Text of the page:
Govt announces three steps to advance peace process

By YE MON | FRONTIER

NAY PYI TAW — State Counsellor Daw Aung San Suu Kyi has announced a three-step plan to reboot the peace process at an event marking the fourth anniversary of the signing of the Nationwide Ceasefire Agreement.

The government signed the ceasefire with eight groups in October 2015 but the country’s most powerful non-state armies are still yet to ink the accord, leaving them on the fringes of the formal peace process.

Since the National League for Democracy government took office, the government has signed the NCA with just two additional armed groups. It has also convened just three Union Peace Conferences, despite a requirement that they be held every six months.

Addressing a ceremony in Nay Pyi Taw on October 28, Aung San Suu Kyi urged ethnic armed groups and stakeholders to cooperate to ensure that the government’s three proposed steps were successfully implemented.

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The steps are to continue holding the 21st Century Panglong Union Peace Conferences, to involve non-signatories of the NCA in political dialogue, and to ensure that the people are able to enjoy the fruits of peace.

The first step includes three elements: to develop a framework agreement to guide implementation of the NCA, to reach agreement on more points of a future Union Peace Accord, and to develop a plan for continuing the peace process beyond the 2020 election.

Senior General Min Aung Hlaing (centre) arrives at the event marking the fourth anniversary of the signing of the Nationwide Ceasefire Agreement. (Hkun Lat | Frontier)

Senior General Min Aung Hlaing (centre) arrives at the event marking the fourth anniversary of the signing of the Nationwide Ceasefire Agreement. (Hkun Lat | Frontier)

The state counsellor said that to reduce fighting and broaden involvement in the political dialogue, the NLD government would continue to seek the participation of non-signatory groups in the peace process.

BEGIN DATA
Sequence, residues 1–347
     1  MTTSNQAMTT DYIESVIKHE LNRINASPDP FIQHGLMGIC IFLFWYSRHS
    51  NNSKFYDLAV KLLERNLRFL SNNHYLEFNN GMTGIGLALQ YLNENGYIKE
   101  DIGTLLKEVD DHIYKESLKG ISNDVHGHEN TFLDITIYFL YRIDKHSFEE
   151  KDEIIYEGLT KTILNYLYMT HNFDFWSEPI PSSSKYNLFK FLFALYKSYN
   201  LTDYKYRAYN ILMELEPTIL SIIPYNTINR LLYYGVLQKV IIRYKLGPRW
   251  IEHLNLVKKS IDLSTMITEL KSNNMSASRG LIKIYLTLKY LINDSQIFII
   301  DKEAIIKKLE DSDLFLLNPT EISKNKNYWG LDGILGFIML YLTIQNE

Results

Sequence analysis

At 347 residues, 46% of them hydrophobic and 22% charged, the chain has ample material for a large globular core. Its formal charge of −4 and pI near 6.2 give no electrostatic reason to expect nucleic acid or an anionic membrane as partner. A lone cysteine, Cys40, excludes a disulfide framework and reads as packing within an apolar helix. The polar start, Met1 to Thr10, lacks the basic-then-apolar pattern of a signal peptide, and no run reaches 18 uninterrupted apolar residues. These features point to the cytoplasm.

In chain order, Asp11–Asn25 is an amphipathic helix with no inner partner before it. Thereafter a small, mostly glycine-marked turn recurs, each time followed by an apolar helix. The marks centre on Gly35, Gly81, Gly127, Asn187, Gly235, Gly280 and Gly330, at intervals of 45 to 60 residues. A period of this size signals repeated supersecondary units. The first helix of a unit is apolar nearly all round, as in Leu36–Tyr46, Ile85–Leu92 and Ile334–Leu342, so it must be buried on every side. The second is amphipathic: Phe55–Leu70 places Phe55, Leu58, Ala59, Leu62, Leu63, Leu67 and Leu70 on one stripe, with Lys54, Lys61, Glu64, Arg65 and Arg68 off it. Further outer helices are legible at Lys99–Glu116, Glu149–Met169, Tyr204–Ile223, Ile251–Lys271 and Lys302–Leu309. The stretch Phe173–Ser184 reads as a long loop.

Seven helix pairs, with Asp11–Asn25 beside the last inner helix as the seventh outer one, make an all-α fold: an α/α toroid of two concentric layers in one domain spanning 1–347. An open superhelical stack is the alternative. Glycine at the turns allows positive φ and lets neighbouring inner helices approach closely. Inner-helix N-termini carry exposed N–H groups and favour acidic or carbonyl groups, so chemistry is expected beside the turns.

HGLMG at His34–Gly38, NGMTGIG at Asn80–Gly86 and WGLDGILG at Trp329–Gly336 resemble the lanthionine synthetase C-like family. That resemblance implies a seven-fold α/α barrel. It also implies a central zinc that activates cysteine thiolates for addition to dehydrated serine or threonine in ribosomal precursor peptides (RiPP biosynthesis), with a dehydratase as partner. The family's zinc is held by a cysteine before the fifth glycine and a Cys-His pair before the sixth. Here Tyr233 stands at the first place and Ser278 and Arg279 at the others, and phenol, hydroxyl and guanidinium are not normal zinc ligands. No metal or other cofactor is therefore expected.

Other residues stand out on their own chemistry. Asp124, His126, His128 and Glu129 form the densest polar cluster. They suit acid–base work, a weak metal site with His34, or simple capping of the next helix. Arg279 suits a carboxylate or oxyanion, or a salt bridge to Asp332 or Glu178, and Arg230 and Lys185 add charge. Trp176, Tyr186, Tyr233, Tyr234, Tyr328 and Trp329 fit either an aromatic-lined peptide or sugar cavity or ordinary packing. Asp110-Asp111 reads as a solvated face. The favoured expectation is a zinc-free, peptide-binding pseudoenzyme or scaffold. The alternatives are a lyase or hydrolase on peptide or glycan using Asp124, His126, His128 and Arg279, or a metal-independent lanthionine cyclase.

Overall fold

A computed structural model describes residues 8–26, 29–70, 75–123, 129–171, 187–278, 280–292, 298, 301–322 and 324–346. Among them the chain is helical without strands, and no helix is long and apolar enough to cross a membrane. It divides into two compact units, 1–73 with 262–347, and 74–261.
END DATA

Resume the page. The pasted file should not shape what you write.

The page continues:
“We will strive for the participation and inclusion of the groups who should be participating in the NCA,” she said.

Aung San Suu Kyi said the government had agreed in principle that there should be power sharing, as well as the sharing of revenue earned from taxes and natural resources, and that the states should have constitutions that give them greater autonomy.

However, Tatmadaw Commander-in-Chief Senior General Min Aung Hlaing outlined a different vision for the peace process, suggesting it would be better to focus on amending the schedules two, three and five in the constitution than to push for broad changes aimed at ensuring “self-determination”.

“Instead of the focus on a single desire that is incompatible with the country’s situation, paying attention to the possibilities suitable for our country will facilitate and speed up our peace process,” he said.

Schedule two lists the responsibilities of regional and state hluttaws, schedule three lists the responsibilities of “leading” bodies of self-administered divisions or areas, and schedule five is a list of the taxes entitled to be collected by regions and states.

All Nationwide Ceasefire Agreement signatories were represented at the ceremony except the Restoration Council of Shan State-Shan State Army-South. (Hkun Lat | Frontier)

All Nationwide Ceasefire Agreement signatories were represented at the ceremony except the Restoration Council of Shan State-Shan State Army-South. (Hkun Lat | Frontier)

Daw Saw Mya Yarzar Lin, a central executive committee member of the Arakan Liberation Party – one of the eight groups that signed the NCA in 2015 – said ethnic armed groups wanted equality and for members of ethnic nationalities to be able to determine their own future.

“I don’t want to comment on the senior general’s remarks, but I do want to say that we should have the right to determine our own fate,” she told Frontier at the ceremony.

The Restoration Council of Shan State, the armed wing of which is the Shan State Army-South, and which signed the NCA in October 2015, was the only signatory not represented at the ceremony.

In a statement released on October 27, the RCSS said the Tatmadaw had declined to grant permission for its chairman, General Yawd Serk, to travel by car from the group’s headquarters at Loi Tai Leng to Taunggyi while en route to Nay Pyi Taw, and it had cancelled the trip.

Tatmadaw spokesperson Brigadier General Zaw Min Tun said on October 28 that the military had not granted permission for Yawd Serk to travel by road from Loi Tai Leng to Taunggyi because the route was not safe for the RCSS leader.

However, Yawd Serk had reportedly been planning to hold talks with Shan people in Taunggyi, and in the past the Tatmadaw has sought to block such meetings.

At a sideline meeting on October 28, Aung San Suu Kyi and Karen National Union chair General Mutu Say Poe discussed the RCSS leader’s absence and the importance of holding a meeting of the Joint Implementation Coordination Meeting, a body established following the signing of the NCA in 2015.

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